The CPU 101 inputs the captured images (first white paper images) of the white paper 304 from the digital camera 114 (first input), and stores them in a predetermined area of the HDD 106 (S501). Image data can be obtained from the digital camera 114 via the serial bus 110. Alternatively, a memory card removed from the digital camera 114 may be inserted into the card reader/writer 107 to obtain image data from the memory card.

The CPU 101 then sets a region of interest (ROI) in the central portion of one of the three images of the white paper 304 captured under a given fluorescent lamp (S502), and calculates the average R, G, and B values of the ROI (S503). Details of these steps will be described later. The CPU 101 converts the average R, G, and B values into X, Y, and Z values (S504) using:


X=0.4124×R+0.3575×G+0.1804×B


Y=0.2127×R+0.7152×G+0.0722×B


Z=0.0193×R+0.1191×G+0.9502×B (1)

for 0≦R≦1.0, 0≦G≦1.0, and 0≦B≦1.0

The CPU 101 then calculates chromaticity x and y values from the X, Y, and Z values (S505) using:


x=X/(X+Y+Z)


y=Y/(X+Y+Z) (2)

The CPU 101 determines whether the x and y values of the three images captured under a fluorescent lamp of a single type have been obtained (S506). If NO in step S506, the CPU 101 returns the process to step S502 and calculates the x and y values of the other image. After calculating the x and y values of the three images, the CPU 101 stores the average values of those x and y values in a predetermined area of the HDD 106 as x and y values corresponding to the type of this fluorescent lamp (S507).

The CPU 101 determines whether the average x and y values of the captured images stored in the HDD 106 and corresponding to all types of fluorescent lamp have been obtained (S508), and repeats the processes in steps S502 to S507 until average x and y values corresponding to all types of fluorescent lamp to be registered in a color temperature database are obtained.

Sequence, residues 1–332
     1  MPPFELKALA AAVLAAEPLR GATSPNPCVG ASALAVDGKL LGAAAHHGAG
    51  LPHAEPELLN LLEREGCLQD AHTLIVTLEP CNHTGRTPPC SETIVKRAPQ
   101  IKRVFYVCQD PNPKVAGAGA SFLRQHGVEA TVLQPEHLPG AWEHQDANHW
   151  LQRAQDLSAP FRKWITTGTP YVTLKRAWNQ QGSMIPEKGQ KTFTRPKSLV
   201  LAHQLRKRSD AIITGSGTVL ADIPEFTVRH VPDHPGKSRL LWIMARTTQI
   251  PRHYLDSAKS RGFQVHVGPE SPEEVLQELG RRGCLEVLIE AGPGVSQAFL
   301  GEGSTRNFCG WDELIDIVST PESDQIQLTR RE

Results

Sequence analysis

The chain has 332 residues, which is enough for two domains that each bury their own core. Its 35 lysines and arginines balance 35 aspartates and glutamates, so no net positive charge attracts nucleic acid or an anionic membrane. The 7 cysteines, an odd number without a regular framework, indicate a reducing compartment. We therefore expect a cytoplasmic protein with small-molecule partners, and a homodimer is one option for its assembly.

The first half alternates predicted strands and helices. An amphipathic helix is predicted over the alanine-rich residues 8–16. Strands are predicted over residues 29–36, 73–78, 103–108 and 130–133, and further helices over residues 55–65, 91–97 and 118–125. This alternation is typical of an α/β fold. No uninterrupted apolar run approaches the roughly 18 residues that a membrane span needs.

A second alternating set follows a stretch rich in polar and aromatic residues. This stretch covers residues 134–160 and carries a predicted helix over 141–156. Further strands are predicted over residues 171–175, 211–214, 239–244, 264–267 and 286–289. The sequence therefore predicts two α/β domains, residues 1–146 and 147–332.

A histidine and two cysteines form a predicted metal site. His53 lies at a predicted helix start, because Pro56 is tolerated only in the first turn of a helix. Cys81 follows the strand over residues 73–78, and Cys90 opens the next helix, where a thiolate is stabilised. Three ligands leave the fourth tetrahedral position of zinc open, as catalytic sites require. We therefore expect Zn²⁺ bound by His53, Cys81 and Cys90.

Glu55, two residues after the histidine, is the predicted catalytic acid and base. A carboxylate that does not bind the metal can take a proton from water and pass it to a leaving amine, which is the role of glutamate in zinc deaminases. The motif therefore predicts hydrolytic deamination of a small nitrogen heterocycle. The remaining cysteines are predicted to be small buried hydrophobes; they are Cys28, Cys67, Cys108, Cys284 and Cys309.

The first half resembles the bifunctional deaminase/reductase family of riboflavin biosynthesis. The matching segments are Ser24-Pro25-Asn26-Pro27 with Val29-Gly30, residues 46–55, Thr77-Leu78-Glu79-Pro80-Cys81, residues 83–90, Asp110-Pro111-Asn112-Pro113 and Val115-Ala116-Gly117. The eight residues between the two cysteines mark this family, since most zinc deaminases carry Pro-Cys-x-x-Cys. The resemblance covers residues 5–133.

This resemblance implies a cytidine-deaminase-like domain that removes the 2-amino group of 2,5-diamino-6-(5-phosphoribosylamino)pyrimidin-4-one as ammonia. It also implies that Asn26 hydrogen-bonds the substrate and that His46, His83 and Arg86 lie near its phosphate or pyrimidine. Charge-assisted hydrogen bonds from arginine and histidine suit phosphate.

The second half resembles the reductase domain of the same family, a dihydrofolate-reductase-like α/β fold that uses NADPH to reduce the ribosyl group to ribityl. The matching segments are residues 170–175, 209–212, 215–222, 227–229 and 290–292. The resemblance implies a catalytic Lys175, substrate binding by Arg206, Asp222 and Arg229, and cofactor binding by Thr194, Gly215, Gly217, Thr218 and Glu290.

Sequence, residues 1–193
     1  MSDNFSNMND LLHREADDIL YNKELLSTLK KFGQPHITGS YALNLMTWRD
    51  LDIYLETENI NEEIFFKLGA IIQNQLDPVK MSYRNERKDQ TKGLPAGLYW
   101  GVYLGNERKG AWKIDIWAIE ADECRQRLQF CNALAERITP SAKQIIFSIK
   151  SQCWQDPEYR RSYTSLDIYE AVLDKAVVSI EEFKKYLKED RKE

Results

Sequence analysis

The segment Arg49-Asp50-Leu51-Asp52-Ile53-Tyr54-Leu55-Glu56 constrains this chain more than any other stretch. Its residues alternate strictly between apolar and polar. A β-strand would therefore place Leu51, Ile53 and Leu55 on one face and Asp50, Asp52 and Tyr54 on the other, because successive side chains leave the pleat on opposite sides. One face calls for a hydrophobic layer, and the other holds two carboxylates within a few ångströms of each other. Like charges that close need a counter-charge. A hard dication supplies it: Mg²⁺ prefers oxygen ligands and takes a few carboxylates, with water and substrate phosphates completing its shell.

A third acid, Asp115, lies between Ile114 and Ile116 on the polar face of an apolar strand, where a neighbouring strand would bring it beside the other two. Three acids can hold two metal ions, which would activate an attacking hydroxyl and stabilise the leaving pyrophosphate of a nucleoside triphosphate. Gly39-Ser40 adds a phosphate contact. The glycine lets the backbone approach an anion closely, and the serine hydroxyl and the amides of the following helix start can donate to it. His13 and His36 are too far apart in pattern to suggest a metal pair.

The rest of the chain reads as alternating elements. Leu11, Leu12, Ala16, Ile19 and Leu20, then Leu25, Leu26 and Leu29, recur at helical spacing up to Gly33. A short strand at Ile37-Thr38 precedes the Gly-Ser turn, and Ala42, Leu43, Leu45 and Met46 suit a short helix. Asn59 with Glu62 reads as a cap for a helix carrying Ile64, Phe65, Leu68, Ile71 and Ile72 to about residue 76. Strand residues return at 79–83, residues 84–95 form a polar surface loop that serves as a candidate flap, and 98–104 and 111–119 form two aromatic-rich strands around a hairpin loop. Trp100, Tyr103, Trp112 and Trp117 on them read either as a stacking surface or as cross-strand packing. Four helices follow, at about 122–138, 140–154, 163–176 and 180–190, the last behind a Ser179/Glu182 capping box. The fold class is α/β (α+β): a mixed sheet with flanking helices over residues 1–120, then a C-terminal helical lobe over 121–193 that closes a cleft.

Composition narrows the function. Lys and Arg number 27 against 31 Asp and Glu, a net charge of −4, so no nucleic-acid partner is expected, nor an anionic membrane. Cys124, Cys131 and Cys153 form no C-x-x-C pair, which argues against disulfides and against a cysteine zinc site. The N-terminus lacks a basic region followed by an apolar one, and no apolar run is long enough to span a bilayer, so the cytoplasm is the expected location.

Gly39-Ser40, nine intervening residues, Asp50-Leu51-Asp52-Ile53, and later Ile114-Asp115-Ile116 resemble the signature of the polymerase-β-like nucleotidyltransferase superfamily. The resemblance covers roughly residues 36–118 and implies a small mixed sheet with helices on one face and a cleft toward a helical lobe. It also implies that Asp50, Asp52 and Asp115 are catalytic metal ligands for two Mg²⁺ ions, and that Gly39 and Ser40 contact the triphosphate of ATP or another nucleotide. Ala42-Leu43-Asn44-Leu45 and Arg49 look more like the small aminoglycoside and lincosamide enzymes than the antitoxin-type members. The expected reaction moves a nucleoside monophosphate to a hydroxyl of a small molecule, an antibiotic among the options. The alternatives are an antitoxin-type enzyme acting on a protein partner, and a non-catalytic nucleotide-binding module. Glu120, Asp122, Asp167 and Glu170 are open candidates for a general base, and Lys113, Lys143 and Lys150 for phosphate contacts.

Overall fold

Setting of RIO

FIG. 6 is a view for explaining an example of an ROI setting method.

Letting W be the width of an image 601 and H be its height, the width of an ROI 602 is represented by W/2; the height, H/2; and the area, ¼ that of the image. Assuming that the lengths from the respective sides of the image 601 to the corresponding sides of the ROI 602 are represented by W/4 and H/4, respectively, the CPU 101 sets the ROI 602 in the central portion of the image 601. The length between the corresponding sides, that is, the position of the ROI 602 is not strictly determined, and the ROI 602 only needs to be set in the almost central portion of the image 601.

The ROI 602 is set while considering the possibility that the brightness of the peripheral portion of a captured image drops due to a decrease in peripheral brightness of a lens. This phenomenon occurs depending on the lens used in capturing. To solve this problem, a database of lenses may be prepared, and the position and area of the ROI 602 can be set based on the information of peripheral brightness of the lens used in capturing, which is obtained from the database of lens.

Color Temperature Measurement

The color temperature measurement S203 is a process for measuring using a spectroradiometer the color temperatures of fluorescent lamps of all types used in the white paper capture S201 in the same environment as in the white paper capture S201. Note that all illuminations other than the fluorescent lamp 303 are turned off upon measurement.

FIG. 7 is a flowchart illustrating a color temperature measurement procedure in the color temperature measurement S203.

A fluorescent lamp of an arbitrary type is mounted in the light booth 302 and turned on (S701), and the color temperature of the fluorescent lamp 303 is measured using a spectroradiometer (S702). In accordance with determination in step S703, the color temperatures of three fluorescent lamps of the same type are measured (S702). After measurement of the color temperatures of the three fluorescent lamps of the same type finishes, the average value (average color temperature) of the measurement results and information for identifying the type of fluorescent lamp (a maker name, model, and the like) are input to the color processing apparatus via, for examples the keyboard 111 (S704). The CPU 101 of the color processing apparatus stores the input average color temperature and identification information in a predetermined area of the HDD 106.